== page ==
A former securities industry employee from Kazakhstan has gone on trial in New York accused of hacking into Bloomberg computer systems in Manhattan and attempting to extort money from company founder Michael Bloomberg.
In court it was alleged that 29-year old Oleg Zezov found a way to break into Bloomberg's computer systems and read personal emails. Zevov is a former employee of Kazkommerts Securities in Almaty Kazakhstan, and was directly involved with the distribution of database services via the Open Bloomberg system.
Zezov is alleged to have obtained the credit card number of Michael Bloomberg himself and initiated Hotmail correspondence under the pseudonym Alex demanding a $200,000 fee in return for advising on weaknesses in computer security.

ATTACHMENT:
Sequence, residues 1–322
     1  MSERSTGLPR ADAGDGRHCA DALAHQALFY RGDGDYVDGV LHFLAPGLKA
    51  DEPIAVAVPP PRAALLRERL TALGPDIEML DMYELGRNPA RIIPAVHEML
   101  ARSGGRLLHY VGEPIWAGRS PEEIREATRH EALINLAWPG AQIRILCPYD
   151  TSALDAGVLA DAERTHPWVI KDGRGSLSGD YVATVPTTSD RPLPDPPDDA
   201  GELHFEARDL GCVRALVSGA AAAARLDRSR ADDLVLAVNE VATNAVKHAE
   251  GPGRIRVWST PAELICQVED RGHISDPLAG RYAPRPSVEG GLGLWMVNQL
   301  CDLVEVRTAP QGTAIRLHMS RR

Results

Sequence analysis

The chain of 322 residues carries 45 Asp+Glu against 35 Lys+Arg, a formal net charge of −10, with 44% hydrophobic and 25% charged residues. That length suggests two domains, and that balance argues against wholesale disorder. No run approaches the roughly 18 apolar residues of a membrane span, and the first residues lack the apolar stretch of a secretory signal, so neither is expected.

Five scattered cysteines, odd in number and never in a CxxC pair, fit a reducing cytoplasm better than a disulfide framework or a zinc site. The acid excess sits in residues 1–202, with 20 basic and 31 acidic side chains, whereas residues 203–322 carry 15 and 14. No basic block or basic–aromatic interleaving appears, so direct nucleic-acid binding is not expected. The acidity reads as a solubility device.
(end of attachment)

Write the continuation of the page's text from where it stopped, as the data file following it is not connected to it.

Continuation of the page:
Bloomberg reported the matter to the FBI and a meet was arranged in London in August 2000, when Zezov and an accomplice Igor Yarimaka were arrested.
Both Zezov and Yarimaka deny the charges. They claim they were merely offering consultancy services. In opening statements, Zezov's lawyer Robert Baum described the case as "a rush to judgment by a multibillionaire who could not accept that his computer system was fallible and had a bug in it".
Bloomberg, now mayor of New York, is expected to testify next week.
If found guilty, Zevov and his accomplice face up to 20 years in jail.